Known for big hair and Snookie, as you’d expect, there are A LOT of weird attractions in New Jersey. From a telephone pole farm (yes, really) to secret WWII bunkers, New Jersey’s harried past is alive and well in it’s landmarks as much as it’s colorful people.
Here are a few especially oddball sites you should make it a point to see on your next road trip through the Garden State.
The Foreclosed Gingerbread Castle
Because a house wasn’t impressive enough, the Gingerbread Castle was originally built to be a fairy tale themed amusement park in Hamburg. The design was based on the Brothers Grimm novels and after being open for a few successful years, the project was abandoned in the 80s and the castle was sold, housing everything from a nightclub to a haunted house afterwards. After the current owner ran out of money to restore the exterior, the castle has since been foreclosed, left to decay on the side of the road so if you ever dreamed of living out your princess fantasies, this just may be your chance.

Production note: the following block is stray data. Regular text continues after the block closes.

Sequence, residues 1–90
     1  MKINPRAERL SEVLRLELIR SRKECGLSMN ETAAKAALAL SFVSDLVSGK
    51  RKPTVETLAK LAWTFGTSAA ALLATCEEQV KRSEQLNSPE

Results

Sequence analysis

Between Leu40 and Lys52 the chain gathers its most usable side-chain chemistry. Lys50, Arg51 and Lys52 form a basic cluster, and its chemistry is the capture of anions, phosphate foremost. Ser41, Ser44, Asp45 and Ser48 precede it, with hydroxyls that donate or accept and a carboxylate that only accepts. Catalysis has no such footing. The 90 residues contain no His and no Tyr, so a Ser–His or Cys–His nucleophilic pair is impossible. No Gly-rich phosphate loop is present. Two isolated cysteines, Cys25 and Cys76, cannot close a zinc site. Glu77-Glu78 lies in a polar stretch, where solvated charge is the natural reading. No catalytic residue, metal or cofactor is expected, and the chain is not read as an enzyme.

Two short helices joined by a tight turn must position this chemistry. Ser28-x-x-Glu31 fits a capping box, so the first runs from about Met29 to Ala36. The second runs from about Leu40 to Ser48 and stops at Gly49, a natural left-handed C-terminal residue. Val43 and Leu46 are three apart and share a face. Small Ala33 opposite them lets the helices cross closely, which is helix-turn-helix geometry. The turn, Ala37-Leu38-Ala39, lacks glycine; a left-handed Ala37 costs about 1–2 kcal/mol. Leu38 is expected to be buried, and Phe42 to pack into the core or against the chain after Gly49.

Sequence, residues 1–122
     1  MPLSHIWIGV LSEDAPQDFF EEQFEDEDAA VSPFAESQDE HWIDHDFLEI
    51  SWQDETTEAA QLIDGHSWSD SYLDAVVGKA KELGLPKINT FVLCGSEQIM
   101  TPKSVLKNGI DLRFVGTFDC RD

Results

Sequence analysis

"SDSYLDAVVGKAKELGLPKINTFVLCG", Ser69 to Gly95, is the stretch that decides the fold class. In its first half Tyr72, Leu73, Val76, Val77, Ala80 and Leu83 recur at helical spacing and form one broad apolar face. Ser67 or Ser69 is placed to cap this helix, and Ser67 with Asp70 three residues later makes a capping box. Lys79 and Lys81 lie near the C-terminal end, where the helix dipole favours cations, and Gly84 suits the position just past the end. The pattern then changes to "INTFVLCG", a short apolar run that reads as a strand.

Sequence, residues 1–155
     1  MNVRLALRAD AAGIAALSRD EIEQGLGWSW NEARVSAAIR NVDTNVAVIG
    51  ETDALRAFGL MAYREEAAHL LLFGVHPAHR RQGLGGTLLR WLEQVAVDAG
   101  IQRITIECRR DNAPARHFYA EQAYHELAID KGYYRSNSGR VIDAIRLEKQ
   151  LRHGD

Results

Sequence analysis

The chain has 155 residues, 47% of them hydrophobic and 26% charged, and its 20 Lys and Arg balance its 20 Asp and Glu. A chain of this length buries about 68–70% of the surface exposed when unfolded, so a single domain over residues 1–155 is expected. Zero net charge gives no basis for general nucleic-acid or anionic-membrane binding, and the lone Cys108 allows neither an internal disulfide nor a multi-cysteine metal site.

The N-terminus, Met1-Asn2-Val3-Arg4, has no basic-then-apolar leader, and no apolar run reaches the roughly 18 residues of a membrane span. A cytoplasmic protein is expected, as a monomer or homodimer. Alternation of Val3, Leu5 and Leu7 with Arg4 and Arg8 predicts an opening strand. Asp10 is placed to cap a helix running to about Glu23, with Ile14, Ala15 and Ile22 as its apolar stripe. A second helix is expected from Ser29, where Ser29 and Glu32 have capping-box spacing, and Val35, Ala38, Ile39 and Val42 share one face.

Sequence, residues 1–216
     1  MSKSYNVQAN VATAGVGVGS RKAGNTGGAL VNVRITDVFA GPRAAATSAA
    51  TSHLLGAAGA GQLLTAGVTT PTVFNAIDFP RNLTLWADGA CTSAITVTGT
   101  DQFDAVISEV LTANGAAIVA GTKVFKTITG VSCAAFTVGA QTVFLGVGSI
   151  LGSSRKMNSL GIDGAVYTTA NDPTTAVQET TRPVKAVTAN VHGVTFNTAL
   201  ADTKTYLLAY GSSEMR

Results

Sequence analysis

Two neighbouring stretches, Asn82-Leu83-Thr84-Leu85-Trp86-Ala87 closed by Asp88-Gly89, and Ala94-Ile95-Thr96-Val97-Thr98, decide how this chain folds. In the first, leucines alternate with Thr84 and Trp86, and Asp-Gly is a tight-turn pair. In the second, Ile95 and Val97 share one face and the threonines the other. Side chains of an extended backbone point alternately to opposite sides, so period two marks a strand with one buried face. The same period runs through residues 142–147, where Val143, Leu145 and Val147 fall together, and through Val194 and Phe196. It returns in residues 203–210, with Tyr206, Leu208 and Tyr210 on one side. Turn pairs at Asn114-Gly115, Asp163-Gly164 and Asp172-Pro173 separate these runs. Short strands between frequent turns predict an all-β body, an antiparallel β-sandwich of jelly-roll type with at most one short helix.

The Inspiration for Jaws (and probably Sharknado)
The site of the 1916 New Jersey Shark Attack, Beach Haven and Spring Lake found itself infested with a vicious man-eating shark that killed four people in 12 days. Somehow making it’s way down a freshwater creek all the way inland, the 300 pound beast was eventually caught and found with 15 pounds of human remains in it’s belly. If you thought all those horror stories were fiction, you should know that reality is often stranger than fantasy.
Didn’t we all know the gates of hell would lead through Jersey?
Located behind the old Black Prince Distillery in Clifton, New Jersey, according to legend, a maze of storm drains are actually the Gates of Hell housing the devil himself. Daredevils who choose to enter have found (or drawn) satanic graffiti across the walls, along with a secret room supposedly used as a meeting place for the KKK.
Hindenburg Crash Site
One of the most dramatic and well-documented passenger plane crashes in history, on that fateful day in 1937, the Hindenburg jet caught fire, was instantly engulfed in flames and destroyed in a blaze of glory in less than 40 seconds. It still remains a mystery what caused the tragedy, but the memorial site in Lakehurst pays tribute to the 35 passengers and crew members who lost their lives, a designated National Historic Landmark since the ‘60s.